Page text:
Eareckson and the Cobra Dane radar has struggled with finding a mission in the 21st century. In the early 2000s, Pentagon officials touted the radar as a means of tracking anti-ballistic missile interceptor tests over the Pacific, part of the U.S. government’s efforts to build a weapon that could potentially shoot down an Iranian or North Korean missile. But Cobra Dane is pointing the wrong way — toward the west and toward the Kamchatka Peninsula, not toward the south where the U.S. carries out its tests at Kwajalein.
On the other hand, that puts Cobra Dane at Eareckson in a position to monitor North Korean rocket launches, even though the radar is outdated compared to more advanced SBX radars mounted on floating platforms. The Pentagon doesn’t have plans to scrap the radar, either. On the contrary, it’s paying Raytheon $65 million for maintenance and engineering work on the radar through 2015.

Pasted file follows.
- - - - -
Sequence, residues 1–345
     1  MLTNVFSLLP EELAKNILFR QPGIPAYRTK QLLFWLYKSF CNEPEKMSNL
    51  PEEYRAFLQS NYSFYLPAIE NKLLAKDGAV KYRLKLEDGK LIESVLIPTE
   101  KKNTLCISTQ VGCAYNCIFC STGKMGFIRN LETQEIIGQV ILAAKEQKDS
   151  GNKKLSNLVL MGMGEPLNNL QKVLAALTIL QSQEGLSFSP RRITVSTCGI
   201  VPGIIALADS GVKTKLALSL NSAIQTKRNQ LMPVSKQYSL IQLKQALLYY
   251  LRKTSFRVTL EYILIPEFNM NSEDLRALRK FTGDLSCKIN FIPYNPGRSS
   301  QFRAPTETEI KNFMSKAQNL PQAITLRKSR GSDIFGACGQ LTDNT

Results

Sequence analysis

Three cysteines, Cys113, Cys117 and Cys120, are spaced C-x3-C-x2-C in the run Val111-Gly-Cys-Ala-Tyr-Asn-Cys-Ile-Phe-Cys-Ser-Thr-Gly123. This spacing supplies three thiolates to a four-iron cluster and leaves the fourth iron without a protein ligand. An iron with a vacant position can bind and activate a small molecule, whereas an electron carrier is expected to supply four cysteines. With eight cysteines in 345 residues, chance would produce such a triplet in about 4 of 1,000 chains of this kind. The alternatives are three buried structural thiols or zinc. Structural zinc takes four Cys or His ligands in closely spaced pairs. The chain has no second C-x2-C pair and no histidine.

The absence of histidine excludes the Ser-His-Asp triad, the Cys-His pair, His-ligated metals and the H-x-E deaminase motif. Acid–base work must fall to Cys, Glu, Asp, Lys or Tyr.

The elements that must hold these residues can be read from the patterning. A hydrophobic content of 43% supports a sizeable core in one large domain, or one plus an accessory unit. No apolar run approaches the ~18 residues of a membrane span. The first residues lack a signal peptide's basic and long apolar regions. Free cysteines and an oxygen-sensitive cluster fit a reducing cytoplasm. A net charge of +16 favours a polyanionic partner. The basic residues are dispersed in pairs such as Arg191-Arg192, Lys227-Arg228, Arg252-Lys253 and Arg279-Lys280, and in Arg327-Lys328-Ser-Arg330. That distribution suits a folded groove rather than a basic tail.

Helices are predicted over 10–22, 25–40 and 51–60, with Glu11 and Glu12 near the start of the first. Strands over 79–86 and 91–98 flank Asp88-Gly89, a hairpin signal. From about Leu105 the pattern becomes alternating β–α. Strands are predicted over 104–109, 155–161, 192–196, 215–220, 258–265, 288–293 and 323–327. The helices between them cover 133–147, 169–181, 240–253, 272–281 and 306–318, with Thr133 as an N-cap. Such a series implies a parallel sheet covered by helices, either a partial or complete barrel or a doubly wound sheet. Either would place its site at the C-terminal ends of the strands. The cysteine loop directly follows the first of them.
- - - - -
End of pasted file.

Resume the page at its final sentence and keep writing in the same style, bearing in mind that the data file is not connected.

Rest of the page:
Aside from a radar base, the site is used as an emergency airfield for flights headed between North America and Asia. But once you land, it can be hard to get back in the air — the Arctic and Pacific winds can get so extreme that flights are often grounded for days at a time.
Image: via Google Maps
HAARP Research Station
The HAARP Research Station is in the strange situation of being both widely known and obscure at the same time. A Pentagon-funded project to research the Earth’s ionosphere, the High Frequency Auroral Research Program is more widely known as a focus of popular conspiracy theories. In numerous (fiction) books and television shows and according to innumerable conspiracy websites, it’s a sinister mind-control weapon, or a device to cause earthquakes and hurricanes. No, it’s none of that. But it’s enough to have overshadowed what HAARP is all about.